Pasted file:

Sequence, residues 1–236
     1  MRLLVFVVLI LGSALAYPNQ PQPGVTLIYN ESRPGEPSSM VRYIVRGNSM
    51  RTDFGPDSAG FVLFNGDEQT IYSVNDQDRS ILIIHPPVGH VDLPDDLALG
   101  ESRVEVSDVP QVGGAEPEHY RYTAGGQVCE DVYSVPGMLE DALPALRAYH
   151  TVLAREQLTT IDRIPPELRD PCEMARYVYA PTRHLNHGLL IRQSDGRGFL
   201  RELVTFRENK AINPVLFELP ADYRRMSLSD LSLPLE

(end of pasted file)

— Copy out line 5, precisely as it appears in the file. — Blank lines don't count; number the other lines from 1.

   151  TVLAREQLTT IDRIPPELRD PCEMARYVYA PTRHLNHGLL IRQSDGRGFL